If it's creating physical distance and literally removing yourself from a toxic environment, do it.
If it's writing about it, do it. That's what I'm doing, and it's been tremendously empowering.
10. Make a clear commitment to change
Giving our power away is something we do subconsciously. We do it when we give someone (or something) control over our lives, our choices, our mood, our confidence.
But we have to consciously choose to take it back.
It’s always scary to make a change, and part of us resists it. But without that courage we’d spend all our lives in misery and despair. So no hesitation. No ifs or buts. Just say it out loud: I’m taking my power back, and I am my not giving it away to my mother-in-law or anyone else ever again.
What happens when you take your power back?
What happens when you get off the merry-go-round and reclaim your power?
Your life becomes yours to enjoy again. The flowers bloom with dewy sweetness. The birds sing the songs of love. Even that creepy neighbor who steals your Amazon packages looks dear and only slightly psychotic.
Yes, it will rattle her cage.
Yes, she will try harder.
You just smile and nod. Smile and nod.
And FYI, I am not saying that you don't have the right to feel the way you feel. But it's possible that at some point you became so immersed in the drama, you're no longer thinking clearly.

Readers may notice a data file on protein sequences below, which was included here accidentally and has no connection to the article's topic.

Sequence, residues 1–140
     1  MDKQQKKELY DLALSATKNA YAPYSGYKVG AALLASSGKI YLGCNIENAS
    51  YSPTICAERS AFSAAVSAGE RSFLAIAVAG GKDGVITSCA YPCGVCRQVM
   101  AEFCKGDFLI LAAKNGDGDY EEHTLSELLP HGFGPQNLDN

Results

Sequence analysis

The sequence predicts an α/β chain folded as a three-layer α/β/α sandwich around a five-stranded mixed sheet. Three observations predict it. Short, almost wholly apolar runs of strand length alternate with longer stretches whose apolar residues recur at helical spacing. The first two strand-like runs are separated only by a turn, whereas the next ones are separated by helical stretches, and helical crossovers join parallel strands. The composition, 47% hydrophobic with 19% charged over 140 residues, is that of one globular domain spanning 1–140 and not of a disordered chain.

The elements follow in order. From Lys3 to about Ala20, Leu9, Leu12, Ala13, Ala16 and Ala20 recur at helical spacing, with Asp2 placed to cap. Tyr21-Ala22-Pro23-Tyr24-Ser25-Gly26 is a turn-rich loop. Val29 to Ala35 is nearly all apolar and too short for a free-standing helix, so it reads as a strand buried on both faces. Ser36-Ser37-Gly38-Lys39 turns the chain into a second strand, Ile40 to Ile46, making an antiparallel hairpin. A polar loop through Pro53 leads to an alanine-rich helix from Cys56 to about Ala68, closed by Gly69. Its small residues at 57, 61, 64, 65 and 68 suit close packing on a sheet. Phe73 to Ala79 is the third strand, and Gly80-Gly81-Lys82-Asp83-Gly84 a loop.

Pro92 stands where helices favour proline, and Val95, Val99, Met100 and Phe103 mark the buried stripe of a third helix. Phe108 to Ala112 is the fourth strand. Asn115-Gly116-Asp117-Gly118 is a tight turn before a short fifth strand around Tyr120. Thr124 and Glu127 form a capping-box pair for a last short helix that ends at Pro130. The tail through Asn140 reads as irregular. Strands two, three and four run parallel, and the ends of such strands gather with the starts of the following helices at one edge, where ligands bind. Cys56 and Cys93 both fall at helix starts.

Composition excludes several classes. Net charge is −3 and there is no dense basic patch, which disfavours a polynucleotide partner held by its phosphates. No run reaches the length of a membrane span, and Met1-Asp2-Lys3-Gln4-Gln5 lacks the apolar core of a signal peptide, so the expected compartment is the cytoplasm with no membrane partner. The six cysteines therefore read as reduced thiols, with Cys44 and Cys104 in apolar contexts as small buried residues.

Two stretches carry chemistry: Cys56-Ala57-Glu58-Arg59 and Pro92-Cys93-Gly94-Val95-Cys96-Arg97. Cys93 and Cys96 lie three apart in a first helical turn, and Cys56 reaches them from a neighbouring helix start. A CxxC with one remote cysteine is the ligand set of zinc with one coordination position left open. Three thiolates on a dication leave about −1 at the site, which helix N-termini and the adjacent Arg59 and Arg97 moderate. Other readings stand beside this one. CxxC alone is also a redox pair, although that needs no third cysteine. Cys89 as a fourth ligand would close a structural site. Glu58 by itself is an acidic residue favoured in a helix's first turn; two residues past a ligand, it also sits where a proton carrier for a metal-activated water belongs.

If you keep obsessing about your MIL even when she's not around, simmering with rage or re-living her hurtful words over and over, she's got you right where she wants you. Powerless.
You need to take a giant step back. Breathe. Do something you enjoy - even something small like splurging on a mani-pedi or going to a movie.
Your MIL is not going anywhere, so you might as well find a way to – no, not get along with her, that’s impossible – find balance and strength even in the midst of the chaos toxic people create.
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This content is accurate and true to the best of the author’s knowledge and is not meant to substitute for formal and individualized advice from a qualified professional.
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© 2018 Lana Adler